CES 2018: New 4K UHD TVs Shine, but Digital Whiteboards May Be More Useful

New displays unveiled at CES may wind up in offices or for digital signage, but displays used for collaboration could prove to be better investments.

If there’s one thing the business and consumer electronics worlds can count on at CES, it’s new TVs and displays, and CES 2018 has not disappointed.

There has been a plethora of announcements around new 4K Ultra-High Definition TVs, 8K displays, foldable displays and massive, modular displays. And while businesses in some vertical markets may invest in these new displays for monitors for their employees or for digital signage in their offices or places of business, a more promising development for businesses may be digital whiteboards and screens used for collaboration.

“I think there is a tremendous value in having businesses reassess exactly the role displays are playing in their organizations and what sort of strategies they want to carry forward,” says Linn Huang, a research director at IDC who covers PCs, thin clients and monitors.

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New Displays a Dominant Theme at CES

As Wired notes, despite the focus on augmented reality and self-driving cars, “CES is still a TV conference,” and a way to understand what is happening in tech more broadly, “because TVs aren’t TVs anymore: they’re smart-home hubs, virtual-assistant access points, gaming consoles and powerful computers.”

There are plenty of new displays for CES attendees to gawk at this year. Panasonic unveiled two new 4K, Organic Light Emitting Diode (OLED) and High-Dynamic Range (HDR)-compatible TVs: the FZ800 and FZ950, which will ship in 55-inch and 65-inch sizes, Engadget reports.

Sony also unveiled a new OLED TV and LG announced an 88-inch 8K OLED TV, delivering four times the resolution of 4K. LG also showed off a prototype 65-inch OLED screen that can be rolled up like a wrapping paper roll.

Meanwhile, Samsung announced a 146-inch “modular” TV called “The Wall” that uses self-emitting MicroLED technology. As CNET notes, Samsung says users can create larger or smaller screens as they see fit: “Users can add or remove modules to make their TV bigger or smaller, in any configuration, removing previous limitations on screen size, with zero impact on performance of the display.”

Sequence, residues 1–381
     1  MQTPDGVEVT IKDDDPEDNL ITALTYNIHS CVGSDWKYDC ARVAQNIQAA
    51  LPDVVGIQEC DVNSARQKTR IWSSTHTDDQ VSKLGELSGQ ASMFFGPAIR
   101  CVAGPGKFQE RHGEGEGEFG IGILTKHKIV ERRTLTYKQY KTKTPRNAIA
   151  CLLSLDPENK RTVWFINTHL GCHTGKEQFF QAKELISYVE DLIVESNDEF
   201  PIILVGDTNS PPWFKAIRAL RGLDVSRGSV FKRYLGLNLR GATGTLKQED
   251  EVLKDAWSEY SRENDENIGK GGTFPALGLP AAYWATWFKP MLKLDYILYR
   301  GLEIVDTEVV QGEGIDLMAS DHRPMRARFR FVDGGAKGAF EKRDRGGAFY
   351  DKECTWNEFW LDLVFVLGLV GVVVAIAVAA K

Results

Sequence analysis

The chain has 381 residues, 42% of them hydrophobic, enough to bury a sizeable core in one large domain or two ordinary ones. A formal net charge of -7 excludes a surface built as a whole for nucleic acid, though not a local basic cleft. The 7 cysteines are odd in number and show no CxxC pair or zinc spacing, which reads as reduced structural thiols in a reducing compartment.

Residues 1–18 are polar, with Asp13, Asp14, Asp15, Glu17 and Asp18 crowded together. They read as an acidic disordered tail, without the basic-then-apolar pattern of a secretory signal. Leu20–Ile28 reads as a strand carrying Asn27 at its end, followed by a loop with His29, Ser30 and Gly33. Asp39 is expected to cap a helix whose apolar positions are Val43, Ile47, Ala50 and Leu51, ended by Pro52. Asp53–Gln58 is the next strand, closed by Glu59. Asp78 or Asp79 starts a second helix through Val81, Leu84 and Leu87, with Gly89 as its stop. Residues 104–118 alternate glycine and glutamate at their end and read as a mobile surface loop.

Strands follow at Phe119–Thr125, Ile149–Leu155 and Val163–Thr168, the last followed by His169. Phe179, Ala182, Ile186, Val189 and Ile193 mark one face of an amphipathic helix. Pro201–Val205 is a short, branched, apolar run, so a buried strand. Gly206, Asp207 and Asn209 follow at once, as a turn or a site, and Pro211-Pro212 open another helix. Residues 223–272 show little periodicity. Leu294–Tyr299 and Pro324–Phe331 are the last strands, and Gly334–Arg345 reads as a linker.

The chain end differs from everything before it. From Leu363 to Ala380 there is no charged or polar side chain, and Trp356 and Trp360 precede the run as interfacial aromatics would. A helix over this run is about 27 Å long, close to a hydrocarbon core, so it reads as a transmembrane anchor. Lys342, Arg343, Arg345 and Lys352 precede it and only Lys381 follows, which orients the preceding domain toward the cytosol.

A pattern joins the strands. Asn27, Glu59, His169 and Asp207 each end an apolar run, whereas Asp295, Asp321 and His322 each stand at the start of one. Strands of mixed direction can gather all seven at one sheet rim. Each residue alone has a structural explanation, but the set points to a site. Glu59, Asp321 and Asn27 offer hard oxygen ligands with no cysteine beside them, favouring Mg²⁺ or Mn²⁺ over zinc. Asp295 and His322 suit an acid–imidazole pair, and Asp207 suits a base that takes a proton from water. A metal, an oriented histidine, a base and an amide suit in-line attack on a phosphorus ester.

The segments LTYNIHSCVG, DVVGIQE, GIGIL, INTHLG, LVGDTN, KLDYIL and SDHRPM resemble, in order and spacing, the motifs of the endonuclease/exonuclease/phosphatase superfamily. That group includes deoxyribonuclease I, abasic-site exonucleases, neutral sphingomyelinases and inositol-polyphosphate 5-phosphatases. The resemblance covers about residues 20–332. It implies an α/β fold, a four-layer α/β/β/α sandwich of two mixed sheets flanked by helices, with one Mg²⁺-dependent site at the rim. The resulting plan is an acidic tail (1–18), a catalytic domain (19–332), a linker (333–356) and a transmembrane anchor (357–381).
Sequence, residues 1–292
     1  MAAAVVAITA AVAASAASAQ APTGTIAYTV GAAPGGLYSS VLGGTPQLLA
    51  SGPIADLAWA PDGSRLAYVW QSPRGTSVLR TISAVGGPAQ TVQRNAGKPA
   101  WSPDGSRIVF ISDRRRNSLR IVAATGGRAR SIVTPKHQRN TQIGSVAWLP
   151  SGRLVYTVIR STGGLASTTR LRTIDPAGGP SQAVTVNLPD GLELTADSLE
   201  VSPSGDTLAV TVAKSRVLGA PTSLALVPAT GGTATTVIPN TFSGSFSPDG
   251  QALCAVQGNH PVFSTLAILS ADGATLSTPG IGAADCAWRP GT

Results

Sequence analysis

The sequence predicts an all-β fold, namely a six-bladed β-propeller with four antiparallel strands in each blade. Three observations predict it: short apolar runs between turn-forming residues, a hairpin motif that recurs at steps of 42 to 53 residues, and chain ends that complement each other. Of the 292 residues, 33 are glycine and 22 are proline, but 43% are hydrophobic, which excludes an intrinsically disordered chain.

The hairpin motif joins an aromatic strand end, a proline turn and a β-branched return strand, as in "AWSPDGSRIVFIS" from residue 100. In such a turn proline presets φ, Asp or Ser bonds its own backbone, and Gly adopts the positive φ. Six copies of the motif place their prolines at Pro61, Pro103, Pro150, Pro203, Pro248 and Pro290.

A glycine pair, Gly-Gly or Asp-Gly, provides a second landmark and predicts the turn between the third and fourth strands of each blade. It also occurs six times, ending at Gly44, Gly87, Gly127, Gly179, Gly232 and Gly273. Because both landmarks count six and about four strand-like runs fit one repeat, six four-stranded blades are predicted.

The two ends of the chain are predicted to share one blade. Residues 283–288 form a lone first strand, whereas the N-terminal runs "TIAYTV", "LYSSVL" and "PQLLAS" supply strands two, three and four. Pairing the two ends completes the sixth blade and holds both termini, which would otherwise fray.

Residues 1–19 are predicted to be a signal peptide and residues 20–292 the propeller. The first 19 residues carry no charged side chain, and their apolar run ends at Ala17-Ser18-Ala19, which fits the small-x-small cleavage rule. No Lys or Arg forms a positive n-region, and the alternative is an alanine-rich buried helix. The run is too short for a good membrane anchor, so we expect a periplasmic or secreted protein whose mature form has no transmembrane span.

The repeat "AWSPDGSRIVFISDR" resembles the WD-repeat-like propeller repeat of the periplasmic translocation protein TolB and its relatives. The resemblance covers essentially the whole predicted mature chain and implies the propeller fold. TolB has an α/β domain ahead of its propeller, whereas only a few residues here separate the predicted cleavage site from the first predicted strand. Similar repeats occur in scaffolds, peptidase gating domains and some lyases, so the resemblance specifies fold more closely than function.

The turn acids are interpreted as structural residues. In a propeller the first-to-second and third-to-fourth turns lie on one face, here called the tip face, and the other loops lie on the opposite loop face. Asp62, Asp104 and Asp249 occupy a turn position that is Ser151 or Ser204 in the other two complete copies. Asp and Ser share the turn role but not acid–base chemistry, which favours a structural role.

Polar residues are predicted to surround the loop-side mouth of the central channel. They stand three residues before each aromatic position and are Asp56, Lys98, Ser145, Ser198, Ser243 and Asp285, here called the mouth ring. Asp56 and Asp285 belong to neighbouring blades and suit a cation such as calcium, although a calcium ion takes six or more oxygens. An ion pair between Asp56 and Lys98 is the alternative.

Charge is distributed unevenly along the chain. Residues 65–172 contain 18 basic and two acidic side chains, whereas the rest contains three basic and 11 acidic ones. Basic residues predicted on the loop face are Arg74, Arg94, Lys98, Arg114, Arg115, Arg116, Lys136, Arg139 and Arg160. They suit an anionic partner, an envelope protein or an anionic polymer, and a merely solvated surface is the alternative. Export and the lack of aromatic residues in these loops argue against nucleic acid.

For more on the displays announced this week, What Hi-Fi? has a roundup of the best TVs unveiled at CES.

The Business Case for New Displays

Huang says foldable and rollable displays likely won’t be used for large TVs for the mass market, but the technology could eventually migrate its way down to smartphone screens.

New 4K and 8K TVs, especially ones that use HDR, could make sense in some businesses, Huang notes. For example, any business that deals heavily in media, engineering or graphic design will want to give its users top-of-the-line monitors to work with.

Similarly, Huang says, in many financial services businesses, especially those in the trading or capital market sectors, high-definition monitors are an integral part of workers’ tech tools. “A lot of their job is predicated on being able to process data efficiently and comfortably,” he says. These are niche markets, Huang says, but they are also not small ones.

These new displays could also be used by businesses for pure digital signage, Huang says, especially for video walls. Samsung’s modular wall “is very interesting and makes a good amount of sense” to businesses that want flexible displays for marketing or messaging.

In the future, Huang says, digital signage will be as much about the services and management of the experience as the hardware, and hardware costs will be baked into the fee businesses pay.

The Promise of Digital Whiteboards

Perhaps more interesting for businesses than the new TVs, Huang says, was Samsung’s announcement of its 55-inch digital whiteboard called Flip. The device will compete with the likes of Cisco SystemsSpark Board, Google’s Jamboard, and Microsoft’s Surface Hub.

Huang says digital whiteboards can be key tools to enable digital transformation inside organizations, because a key element of that strategy is enhanced internal collaboration.

“If you’re going to rethink your display portfolio, there are a lot of display solutions, including digital whiteboards, which create this new world of collaboration possibilities for your users,” Huang says. “That, to me, is very promising.”

For the average business, there is probably a stronger return on investment case to be made for a digital whiteboard than a new TV display, Huang adds.

Be sure to visit BizTech throughout the week for more coverage of CES 2018.

LG Display
Jan 11 2018

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